This section features a Q&A on what impact investing is and how it’s used as a tool to support our communities. It’s important to remember that the Impact Investing field—along with its terminology and uses—is constantly adapting and redefining itself as practitioners learn by doing. Mission Investors Exchange, the leading network for foundations committed to impact investing, will continually revisit this page as we incorporate the perspectives of our members and evolve with the field. For more impact investing 101 resources, please visit our 101 resource page.
What is impact investing?
Impact investing is a term coined in 2007 to describe a spectrum of investment practices intended to generate social and/or environmental impact alongside a financial return.
Impact investing is a way of thinking — not an asset class. The impact investor seeks to make a specific impact as a result of their investment — and they’re going to find out if they were successful. Impact investing is not an asset class or product: it comes in many shapes, sizes, structures, asset types, and purposes. Based on the current prevailing thought, their defining features are intentionality (intent to make a difference), impact measurement and management, and some degree of financial return. The idea of impact investing isn’t actually new. In fact, community development organizations and others having been doing impact investing for decades using different terms to describe their work. These terms include mission investing, social investing, community investing, and more. One unifying phrase—“impact investing”—kickstarted a new way of thinking, speaking, and organizing around finance for good. We use the term impact investing to honor the movement as a whole, while recognizing the rich history and diversity reflected in other common terms.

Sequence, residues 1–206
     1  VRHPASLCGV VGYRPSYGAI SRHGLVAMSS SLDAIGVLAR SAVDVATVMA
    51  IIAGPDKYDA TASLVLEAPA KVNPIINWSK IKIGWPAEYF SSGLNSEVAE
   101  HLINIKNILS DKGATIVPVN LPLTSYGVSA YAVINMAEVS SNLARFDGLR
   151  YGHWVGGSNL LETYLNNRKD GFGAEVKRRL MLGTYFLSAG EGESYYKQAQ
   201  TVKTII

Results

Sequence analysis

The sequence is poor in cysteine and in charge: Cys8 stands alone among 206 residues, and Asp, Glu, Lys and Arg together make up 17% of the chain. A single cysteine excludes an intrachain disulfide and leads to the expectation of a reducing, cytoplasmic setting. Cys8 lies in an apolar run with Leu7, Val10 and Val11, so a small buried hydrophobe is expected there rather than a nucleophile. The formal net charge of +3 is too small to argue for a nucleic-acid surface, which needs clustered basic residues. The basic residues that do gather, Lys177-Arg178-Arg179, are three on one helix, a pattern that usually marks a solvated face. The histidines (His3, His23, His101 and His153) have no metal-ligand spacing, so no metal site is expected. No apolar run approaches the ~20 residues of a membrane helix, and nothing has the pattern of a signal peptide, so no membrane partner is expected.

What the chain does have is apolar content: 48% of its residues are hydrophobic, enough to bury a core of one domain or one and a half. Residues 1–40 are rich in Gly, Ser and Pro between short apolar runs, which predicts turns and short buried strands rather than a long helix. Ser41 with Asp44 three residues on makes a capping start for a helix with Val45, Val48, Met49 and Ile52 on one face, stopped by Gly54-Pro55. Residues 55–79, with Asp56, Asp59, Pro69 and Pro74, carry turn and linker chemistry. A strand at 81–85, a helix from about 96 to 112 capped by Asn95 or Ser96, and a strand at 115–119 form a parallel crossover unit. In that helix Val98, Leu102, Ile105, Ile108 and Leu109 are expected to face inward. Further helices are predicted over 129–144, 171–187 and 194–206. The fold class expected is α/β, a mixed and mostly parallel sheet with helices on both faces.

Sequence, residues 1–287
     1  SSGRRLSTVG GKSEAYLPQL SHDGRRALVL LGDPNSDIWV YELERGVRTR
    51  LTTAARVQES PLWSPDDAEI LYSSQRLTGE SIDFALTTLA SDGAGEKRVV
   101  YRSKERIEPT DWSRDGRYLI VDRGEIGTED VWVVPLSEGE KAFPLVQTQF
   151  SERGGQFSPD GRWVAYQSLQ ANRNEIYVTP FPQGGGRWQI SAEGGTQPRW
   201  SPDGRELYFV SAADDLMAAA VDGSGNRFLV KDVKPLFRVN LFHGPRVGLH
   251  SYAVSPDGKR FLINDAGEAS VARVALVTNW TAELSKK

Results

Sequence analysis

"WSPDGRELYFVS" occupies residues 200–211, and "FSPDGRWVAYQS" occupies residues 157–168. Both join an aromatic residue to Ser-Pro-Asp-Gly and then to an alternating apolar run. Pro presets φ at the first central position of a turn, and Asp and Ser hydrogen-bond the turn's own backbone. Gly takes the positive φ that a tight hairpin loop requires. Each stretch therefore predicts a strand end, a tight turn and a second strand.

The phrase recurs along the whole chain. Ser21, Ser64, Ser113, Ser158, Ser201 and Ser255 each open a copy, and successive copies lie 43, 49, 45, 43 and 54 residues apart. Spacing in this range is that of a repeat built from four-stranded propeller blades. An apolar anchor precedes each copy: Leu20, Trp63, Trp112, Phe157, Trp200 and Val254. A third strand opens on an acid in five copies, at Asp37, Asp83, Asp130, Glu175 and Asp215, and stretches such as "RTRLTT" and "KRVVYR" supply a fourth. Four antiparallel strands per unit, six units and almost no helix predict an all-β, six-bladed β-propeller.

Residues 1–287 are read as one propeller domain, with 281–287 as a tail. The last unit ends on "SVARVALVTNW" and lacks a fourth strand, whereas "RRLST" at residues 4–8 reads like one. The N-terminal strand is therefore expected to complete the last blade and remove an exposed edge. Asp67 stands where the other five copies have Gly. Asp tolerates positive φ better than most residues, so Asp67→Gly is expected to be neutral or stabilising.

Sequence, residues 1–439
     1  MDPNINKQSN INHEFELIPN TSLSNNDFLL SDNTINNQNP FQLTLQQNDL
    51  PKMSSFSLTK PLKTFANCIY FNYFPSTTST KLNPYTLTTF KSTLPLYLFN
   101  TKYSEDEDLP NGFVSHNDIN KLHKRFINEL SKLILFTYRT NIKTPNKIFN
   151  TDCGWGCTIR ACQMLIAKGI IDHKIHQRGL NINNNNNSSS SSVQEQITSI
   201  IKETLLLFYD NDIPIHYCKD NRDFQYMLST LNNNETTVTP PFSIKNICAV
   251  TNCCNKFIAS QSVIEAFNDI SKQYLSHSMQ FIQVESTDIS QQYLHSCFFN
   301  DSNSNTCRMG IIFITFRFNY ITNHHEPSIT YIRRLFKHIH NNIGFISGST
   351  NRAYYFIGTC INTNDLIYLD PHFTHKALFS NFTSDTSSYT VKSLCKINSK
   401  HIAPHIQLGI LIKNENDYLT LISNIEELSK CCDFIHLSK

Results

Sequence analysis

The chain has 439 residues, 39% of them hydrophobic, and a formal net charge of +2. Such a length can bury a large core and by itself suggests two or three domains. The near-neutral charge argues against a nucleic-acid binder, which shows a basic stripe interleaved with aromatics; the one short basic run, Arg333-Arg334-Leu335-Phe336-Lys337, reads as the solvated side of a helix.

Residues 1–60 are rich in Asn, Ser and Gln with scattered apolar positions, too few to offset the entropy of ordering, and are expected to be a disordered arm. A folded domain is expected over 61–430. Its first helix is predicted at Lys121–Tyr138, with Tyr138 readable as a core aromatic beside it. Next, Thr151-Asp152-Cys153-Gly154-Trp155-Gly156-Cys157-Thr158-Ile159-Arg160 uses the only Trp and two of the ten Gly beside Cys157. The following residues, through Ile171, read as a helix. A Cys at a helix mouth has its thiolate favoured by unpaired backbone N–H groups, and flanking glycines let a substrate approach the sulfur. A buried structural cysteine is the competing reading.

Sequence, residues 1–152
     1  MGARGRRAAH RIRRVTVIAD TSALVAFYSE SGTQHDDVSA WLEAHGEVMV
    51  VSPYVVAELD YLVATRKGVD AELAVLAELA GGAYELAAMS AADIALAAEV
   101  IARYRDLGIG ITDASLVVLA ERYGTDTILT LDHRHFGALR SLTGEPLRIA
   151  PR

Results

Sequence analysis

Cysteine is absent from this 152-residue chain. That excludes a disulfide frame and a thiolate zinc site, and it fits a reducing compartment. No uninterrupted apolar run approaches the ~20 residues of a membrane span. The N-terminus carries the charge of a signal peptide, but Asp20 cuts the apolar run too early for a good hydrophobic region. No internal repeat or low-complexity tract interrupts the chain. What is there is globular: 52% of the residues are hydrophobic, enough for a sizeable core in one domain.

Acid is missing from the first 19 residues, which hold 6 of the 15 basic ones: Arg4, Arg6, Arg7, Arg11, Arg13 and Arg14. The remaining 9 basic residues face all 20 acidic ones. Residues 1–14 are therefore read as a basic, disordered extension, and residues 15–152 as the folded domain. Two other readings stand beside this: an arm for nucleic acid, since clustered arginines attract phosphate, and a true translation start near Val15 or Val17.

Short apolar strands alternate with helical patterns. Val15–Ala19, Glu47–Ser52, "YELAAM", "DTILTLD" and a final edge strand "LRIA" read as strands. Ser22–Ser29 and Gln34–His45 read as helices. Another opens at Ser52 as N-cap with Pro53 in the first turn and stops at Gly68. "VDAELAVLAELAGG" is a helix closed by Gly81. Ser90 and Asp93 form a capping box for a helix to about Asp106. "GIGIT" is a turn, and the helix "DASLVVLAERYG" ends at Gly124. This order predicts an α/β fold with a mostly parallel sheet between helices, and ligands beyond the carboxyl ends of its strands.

What or who is an impact investor?
Just about any individual or entity that seeks to invest with an intention to achieve social or environmental outcomes is an impact investor. Examples include banks, community development finance institutions, diversified financial institutions, family offices, foundations, fund managers, governments, individual investors, insurance companies, nonprofits, pension funds, and religious institutions.
How do foundations act as impact investors?
How does impact investing make a difference?
- Investing in a municipal bond to construct storm water treatment infrastructure for better resiliency to climate change.
- Providing low-interest mortgages for first time homeowners.
- Screening an investment stock portfolio to support carbon-neutral companies.
- Making a venture capital investment into a drug development company.